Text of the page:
Thursday, December 23, 2010

Open Letter to the NK School Committee

To the NK School Committee,

Clearly the US is falling behind globally.  If we expect better scientists we need to improve science education.  If we want more talented engineers and mathematicians we need better math and physics courses.

I would like to ask you if our schools are preparing students to become our best politicians and legislators?  Is the educational system preparing them to become the political leaders our cities, states and country need to succeed in the future?

I can recall as a high school student that the most boring class I took was called 'civics'. Perhaps we are witnessing the consequences of that mistake. Is the school system creating excitement and respect among our students who will become our future leaders?  Are we creating an atmosphere that excites and inspires?

I looked through the online curriculum at the NKHS Social Studies section and found nothing that relates to local government and contemporary local issues. Instead I found history. Certainly important, but it's not anything that will engage students with their real world as it surrounds and effects them today.

Perhaps I've missed something. I would love to be corrected.


Tuesday, December 14, 2010

Just Wondering

I think of myself as a pretty liberal guy but the Virginia judge had a point when he ruled against the federal requirement that all citizens buy health insurance.  Perhaps the only constitutionally acceptable requirement would be for those people who use federal health insurance such as the VA.

On the other hand those who complain that it is wrong for young people to have to buy insurance so older people can have health care seems to indicate a certain level of, forgive me, stupidity. Do they really not know that is exactly how insurance works? Insurance companies make tons of money by collecting premiums from enough people who don't use it to pay for those that do, plus a tidy little profit.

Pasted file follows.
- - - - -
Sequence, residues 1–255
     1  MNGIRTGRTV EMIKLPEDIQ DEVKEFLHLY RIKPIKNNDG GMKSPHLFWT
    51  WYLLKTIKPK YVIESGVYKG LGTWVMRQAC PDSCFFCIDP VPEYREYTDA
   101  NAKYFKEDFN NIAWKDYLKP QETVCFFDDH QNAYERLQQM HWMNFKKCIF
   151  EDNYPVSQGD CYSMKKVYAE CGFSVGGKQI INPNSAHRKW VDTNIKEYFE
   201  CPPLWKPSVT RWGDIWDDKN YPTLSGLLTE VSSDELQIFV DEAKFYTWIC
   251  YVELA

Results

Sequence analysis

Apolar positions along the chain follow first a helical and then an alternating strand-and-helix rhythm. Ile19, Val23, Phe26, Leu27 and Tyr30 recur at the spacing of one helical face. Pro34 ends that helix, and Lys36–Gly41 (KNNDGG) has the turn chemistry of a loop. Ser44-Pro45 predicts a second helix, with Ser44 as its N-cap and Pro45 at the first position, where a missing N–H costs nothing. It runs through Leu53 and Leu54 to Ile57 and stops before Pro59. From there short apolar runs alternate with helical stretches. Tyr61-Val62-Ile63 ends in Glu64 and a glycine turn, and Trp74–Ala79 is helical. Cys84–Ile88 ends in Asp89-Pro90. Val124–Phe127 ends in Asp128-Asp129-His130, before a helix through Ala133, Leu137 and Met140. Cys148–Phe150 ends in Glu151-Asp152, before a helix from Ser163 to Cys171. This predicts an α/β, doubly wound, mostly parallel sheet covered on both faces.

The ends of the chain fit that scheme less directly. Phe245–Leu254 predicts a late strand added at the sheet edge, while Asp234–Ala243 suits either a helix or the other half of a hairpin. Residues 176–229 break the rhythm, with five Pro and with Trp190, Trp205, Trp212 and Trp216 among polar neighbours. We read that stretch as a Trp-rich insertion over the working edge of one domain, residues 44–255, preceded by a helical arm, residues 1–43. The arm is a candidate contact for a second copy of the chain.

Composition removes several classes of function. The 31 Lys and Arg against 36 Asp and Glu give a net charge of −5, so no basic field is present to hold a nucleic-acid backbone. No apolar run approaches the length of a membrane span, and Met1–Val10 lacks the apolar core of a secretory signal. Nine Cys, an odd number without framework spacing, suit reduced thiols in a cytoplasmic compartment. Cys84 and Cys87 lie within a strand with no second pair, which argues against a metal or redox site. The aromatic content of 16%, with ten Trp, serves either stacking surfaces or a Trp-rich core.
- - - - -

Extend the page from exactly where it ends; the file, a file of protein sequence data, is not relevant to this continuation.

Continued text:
Still there might be a legitimate constitutional argument against the federal government mandating insurance.

Perhaps instead the federal government can make it a requirement for federal reimbursement for health care contingent on a certain level of mandatory insurance required by those states. If they refuse to require health insurance for its citizens then they will risk forgoing federal reimbursement for health care.

Can't have it both ways.

Maybe It's Just Me.

Thursday, December 2, 2010

Maybe it's just me but the placement of two letters to the editor in the Thursday Dec. 2, 2010, Providence Journal caught my eye for two reasons; first, the 'right' position was on the left side and the 'left' position was on the right side. Just a coincidence?

But the second, more important reason was, that here, in two letters, side by side, we see a larger national problem.

One author paints the unions as the victims of greedy corporations, doing the same as they do.
The other author paints the unions as villains out to destroy private enterprise and the public.

The facts suggest that there is truth and blame on both sides.

Public sector unions have made it difficult for municipalities to deliver services that people can afford.  Compared to the private sector, their retirement benefits are most enviable and in some cases rather outrageous.

Their interest ultimately is not for the welfare of the people but themselves.

The corporate world complains that unions make it impossible for them to compete and that the unions are responsible for outsourcing jobs. Still, their profits are the highest in history.

Their interest ultimately is not for the welfare of the people but themselves.

One of the pillars of America is our court system.  It is an adversarial system where justice requires the presence of a judge whose job it is to be sure the rules are followed and fairness prevails, and an impartial jury whose job it is to render a verdict after hearing both sides.

It isn't working well in the public arena. We are the 'jury' but we clearly don't listen openly to both sides of an issue; and the laws, which, like judges, try to assure the rules are followed, have failed miserably, replaced by lobbyists and donations from both sides.

Let us hope that both sides soon wake up and take a hard look in the mirror.